In their own words

19th March 2004 at 00:00
Cedric Cullingford asks children how they feel about national tests

Parents notice the stress children undergo when taking tests, but pupils tend to accept them as a normal part of school life. They see tests as symbols for the competition with each other that is routine. Children can interpret all work as geared towards tests so that they talk not so much about the curriculum as about the pace of work and its demands.

"You need good grades in them to get what you want."

Yolanda, 8

"I feel terrible when I'm not the best."

Tom, 6

"I'm not a fast learner and everything I learn, sometimes it goes out of my head."

Ethan, 8

Sats symbolise the competition of school, the comparison with others.

"I mean I get more wrong than I do right. I'm worse than some of them and better than others."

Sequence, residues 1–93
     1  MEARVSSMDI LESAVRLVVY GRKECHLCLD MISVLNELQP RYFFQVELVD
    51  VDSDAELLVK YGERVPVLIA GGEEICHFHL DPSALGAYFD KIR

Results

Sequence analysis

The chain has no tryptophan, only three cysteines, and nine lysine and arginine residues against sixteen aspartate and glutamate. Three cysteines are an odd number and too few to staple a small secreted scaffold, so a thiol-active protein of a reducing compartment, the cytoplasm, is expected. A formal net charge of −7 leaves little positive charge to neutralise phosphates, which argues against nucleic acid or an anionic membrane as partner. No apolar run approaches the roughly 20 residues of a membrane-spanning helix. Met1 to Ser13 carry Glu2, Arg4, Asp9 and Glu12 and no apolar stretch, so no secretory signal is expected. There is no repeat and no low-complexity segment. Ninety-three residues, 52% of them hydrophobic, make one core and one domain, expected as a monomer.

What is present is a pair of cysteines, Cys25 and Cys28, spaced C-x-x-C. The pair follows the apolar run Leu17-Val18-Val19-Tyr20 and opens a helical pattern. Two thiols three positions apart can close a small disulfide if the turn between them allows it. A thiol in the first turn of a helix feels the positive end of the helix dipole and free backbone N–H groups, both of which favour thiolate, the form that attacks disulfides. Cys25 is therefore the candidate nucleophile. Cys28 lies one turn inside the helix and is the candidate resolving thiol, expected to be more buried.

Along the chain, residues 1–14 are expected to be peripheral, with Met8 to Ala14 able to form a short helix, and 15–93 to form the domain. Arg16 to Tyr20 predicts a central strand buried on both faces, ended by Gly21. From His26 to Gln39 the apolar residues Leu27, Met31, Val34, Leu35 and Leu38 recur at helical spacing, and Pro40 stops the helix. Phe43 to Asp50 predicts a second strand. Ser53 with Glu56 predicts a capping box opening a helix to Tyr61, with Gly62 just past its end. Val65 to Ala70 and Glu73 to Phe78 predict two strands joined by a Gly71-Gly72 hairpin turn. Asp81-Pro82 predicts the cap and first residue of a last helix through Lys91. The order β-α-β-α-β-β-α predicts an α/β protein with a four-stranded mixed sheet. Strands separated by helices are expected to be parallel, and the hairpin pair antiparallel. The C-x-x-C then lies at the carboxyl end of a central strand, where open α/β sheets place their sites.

Luke, 8

"I feel I haven't learned much. They've got stuff right and I've got stuff wrong and feel like I've not learned much and I haven't been paying attention."

Alice, 8

"Sad, because they think like 'we're the best'. They say like 'I know more things than you' and stuff like that."

Jason, 8

"Unhappy, because at my old school I used to be the first. But now I'm not.

I'm nearly, just about, the last. 'Cos I'm not very good at stuff."

Amber, 8

"I hope I'm nearer the first one. I think I'm going to be really embarrassed."

Alex, 8

Cedric Cullingford is professor of education at Huddersfield university

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